Heavy Backpacks Strain Kids' Spines
Study Shows Book-Filled Backpacks May Lead to Back Pain in Children
WebMD News Archive
Feb. 3, 2010 -- A backpack loaded with books may set your child up for spine strain rather than success.
A new study shows heavy backpacks place significant strain on children's spines and may lead to back pain.
Researchers say it's the first study to use magnetic resonance imaging (MRI) scans to document compression of the spinal discs and spinal curvature caused by a typical school backpack load on children.
"Backpack loads are responsible for a significant amount of back pain in children, which in part, may be due to changes in lumbar disc height or curvature," write researchers Timothy B. Neuschwander, MD, of the University of California, San Diego, in Spine.
"Over 92% of children in the United States carry backpacks that are typically loaded with 10% to 22% of their body weight," write the researchers. "Thirty-seven percent of children aged 11 to 14 years report back pain, the majority of whom attribute the pain to wearing a school backpack."
In the study, researchers used an upright MRI scanner to image the spines of eight children, average age of 11, while standing first with an empty backpack and then backpack loads representing 10%, 20%, and 30% of the children's body weight (9, 18, and 26 pounds, respectively).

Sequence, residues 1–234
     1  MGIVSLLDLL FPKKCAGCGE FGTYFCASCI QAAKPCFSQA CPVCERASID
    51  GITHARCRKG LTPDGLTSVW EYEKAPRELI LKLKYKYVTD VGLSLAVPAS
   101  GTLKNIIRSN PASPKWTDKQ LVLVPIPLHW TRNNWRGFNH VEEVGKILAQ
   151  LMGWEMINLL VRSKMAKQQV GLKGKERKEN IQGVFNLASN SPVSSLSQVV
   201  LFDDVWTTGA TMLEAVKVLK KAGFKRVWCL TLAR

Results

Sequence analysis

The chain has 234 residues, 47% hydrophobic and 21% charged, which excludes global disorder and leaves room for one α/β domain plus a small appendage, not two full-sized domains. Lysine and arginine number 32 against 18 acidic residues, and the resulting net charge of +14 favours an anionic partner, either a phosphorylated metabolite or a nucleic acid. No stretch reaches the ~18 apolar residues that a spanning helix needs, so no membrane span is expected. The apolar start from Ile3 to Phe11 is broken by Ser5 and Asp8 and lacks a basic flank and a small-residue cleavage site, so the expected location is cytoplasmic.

The results showed two key spinal measurements changed as the weight of the backpack increased. Heavier weights caused compression of the discs that act as a cushion between the bones of the spine.
Researchers say that disc compression was especially great in the lower spine at heavier backpack weights.
Heavier backpack loads were also associated with increased curvature of the lower spine. Half of the children had a significant spinal curve even with the 18-pound backpack. Most of the children had to adjust their posture to adapt to the heaviest, 26-pound backpack load.
The amount of back pain reported by the children also increased as backpack load increased. At the heaviest load, the average pain score was nearly 5 out of 10 for the children.
Researchers say the results show heavy backpacks cause compression of the spinal discs and increased spinal curvature that are related to the back pain reported by children.
In the study, children wore the backpacks with the straps over both shoulders, but researchers say the spinal curvature could be even worse if the backpack were carried over one shoulder as many children do.